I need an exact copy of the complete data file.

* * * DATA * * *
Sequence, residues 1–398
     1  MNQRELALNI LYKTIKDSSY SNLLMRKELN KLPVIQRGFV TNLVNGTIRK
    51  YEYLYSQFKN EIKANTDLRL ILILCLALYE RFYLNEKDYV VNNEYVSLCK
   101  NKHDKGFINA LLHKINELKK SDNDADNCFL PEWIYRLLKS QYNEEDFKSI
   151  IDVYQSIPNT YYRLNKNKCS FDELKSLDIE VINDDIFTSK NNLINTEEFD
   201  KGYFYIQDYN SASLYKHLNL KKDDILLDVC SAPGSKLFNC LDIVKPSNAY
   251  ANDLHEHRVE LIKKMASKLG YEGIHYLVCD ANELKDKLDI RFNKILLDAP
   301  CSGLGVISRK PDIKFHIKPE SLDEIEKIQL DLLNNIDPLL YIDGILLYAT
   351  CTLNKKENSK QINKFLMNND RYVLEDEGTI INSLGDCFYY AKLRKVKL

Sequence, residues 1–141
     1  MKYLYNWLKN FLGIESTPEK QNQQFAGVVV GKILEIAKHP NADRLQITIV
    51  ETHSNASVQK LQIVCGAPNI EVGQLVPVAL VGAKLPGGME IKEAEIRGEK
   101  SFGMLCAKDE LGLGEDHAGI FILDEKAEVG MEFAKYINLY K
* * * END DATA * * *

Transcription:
Sequence, residues 1–398
     1  MNQRELALNI LYKTIKDSSY SNLLMRKELN KLPVIQRGFV TNLVNGTIRK
    51  YEYLYSQFKN EIKANTDLRL ILILCLALYE RFYLNEKDYV VNNEYVSLCK
   101  NKHDKGFINA LLHKINELKK SDNDADNCFL PEWIYRLLKS QYNEEDFKSI
   151  IDVYQSIPNT YYRLNKNKCS FDELKSLDIE VINDDIFTSK NNLINTEEFD
   201  KGYFYIQDYN SASLYKHLNL KKDDILLDVC SAPGSKLFNC LDIVKPSNAY
   251  ANDLHEHRVE LIKKMASKLG YEGIHYLVCD ANELKDKLDI RFNKILLDAP
   301  CSGLGVISRK PDIKFHIKPE SLDEIEKIQL DLLNNIDPLL YIDGILLYAT
   351  CTLNKKENSK QINKFLMNND RYVLEDEGTI INSLGDCFYY AKLRKVKL

Sequence, residues 1–141
     1  MKYLYNWLKN FLGIESTPEK QNQQFAGVVV GKILEIAKHP NADRLQITIV
    51  ETHSNASVQK LQIVCGAPNI EVGQLVPVAL VGAKLPGGME IKEAEIRGEK
   101  SFGMLCAKDE LGLGEDHAGI FILDEKAEVG MEFAKYINLY K